Afghan refugee situation

Pakistan hosted an international conference in Islamabad to mark the forty years presence of Afghan refugees in the country. The nation has hosted the refugees who fled the long-standing conflict in Afghanistan and displayed immense hospitality despite its own internal problems including an economic crisis, security challenges and the war on terrorism.
UN Secretary-General Antonio Guterres addressed the conference and praised Pakistan’s for hosting the Afghan refugees. He said the support for Pakistan has been minimal as compared to its own efforts and urged the international community to step up. He said this is a litmus test on the global impact of refugees and other countries should have shouldered the burden till now.
Pakistan remains the top refugees hosting nation in the world even today as over three million Afghan refugees are still present. The main obstacle in their safe return has been the ongoing war in their homeland, but recent reports that a peace deal may be close have raised hopes. As the UN chief said, this marks forty years of unbroken solidarity but also forty years of despair and unbroken solidarity.
Hosting a conference on Afghan refugees is a great initiative but this remains mere talks if there are no concrete efforts. The UN chief realises this and said that solidarity lies not only in words but actions and the solution lies in Afghanistan. The only path to a better future for these displaced people is to bring lasting peace in Afghanistan. There is a need for renewed commitment for Afghan peace and the successful repatriation of Afghan refugees.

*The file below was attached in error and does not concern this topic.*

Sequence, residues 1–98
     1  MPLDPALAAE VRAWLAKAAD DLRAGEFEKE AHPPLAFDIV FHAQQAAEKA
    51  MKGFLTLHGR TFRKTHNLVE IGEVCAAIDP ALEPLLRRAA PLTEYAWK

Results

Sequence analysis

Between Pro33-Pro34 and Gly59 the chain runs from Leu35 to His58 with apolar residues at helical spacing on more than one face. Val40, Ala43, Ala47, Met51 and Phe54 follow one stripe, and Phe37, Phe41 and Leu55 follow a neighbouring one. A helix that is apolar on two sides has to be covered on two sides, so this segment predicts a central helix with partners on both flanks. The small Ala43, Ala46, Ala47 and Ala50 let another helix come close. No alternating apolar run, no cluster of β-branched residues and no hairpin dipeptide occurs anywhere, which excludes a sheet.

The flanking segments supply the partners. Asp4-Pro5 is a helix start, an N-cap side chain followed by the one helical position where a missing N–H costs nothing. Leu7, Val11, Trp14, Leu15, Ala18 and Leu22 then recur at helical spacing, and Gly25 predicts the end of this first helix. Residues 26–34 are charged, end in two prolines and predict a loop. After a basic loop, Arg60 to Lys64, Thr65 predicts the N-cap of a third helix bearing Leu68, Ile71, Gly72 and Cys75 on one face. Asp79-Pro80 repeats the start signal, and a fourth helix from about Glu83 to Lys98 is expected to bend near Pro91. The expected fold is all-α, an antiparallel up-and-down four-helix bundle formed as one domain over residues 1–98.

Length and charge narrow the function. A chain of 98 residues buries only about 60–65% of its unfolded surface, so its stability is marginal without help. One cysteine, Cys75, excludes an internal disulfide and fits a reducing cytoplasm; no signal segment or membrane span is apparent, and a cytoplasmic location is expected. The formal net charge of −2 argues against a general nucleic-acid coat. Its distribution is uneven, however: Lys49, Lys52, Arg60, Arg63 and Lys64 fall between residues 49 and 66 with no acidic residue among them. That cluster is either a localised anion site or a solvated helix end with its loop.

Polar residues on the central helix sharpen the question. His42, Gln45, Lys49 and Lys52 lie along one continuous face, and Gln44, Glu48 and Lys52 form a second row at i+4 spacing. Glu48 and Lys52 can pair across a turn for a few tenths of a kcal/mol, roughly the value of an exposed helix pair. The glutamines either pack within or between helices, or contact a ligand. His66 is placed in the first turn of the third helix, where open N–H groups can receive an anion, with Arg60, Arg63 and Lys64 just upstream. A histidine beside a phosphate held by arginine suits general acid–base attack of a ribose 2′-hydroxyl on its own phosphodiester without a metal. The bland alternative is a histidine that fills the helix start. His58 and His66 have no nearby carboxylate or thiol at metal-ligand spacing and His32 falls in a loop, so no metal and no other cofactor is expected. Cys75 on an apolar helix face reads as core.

Forty years ago, Soviets tanks rolled in Afghanistan forcing millions to flee the country to Pakistan where many remain to date. Pakistan has generously hosted the Afghan refugees but this has come at a huge economic and social cost as the influx of weapons and drugs created new problems. Many have settled down, set up businesses and have families, while the younger generation has never even been to their homeland.
The second wave of Afghan refugees come after the 9/11 attacks when US-led forces invaded the country. For forty years, the people of Afghanistan have faced many crises and the people of Pakistan have responded with solidarity. This remains the world’s largest refugee situation in recorded history. It is necessary that this should now be resolved so that both nations could move forward on the path of development.
The global community should at least recognise the resilience, generosity and compassion which Pakistan has demonstrated. More importantly, there should be collaborative efforts to ensure that the Afghan refugees are repatriated with respect and help rebuild their own homeland.
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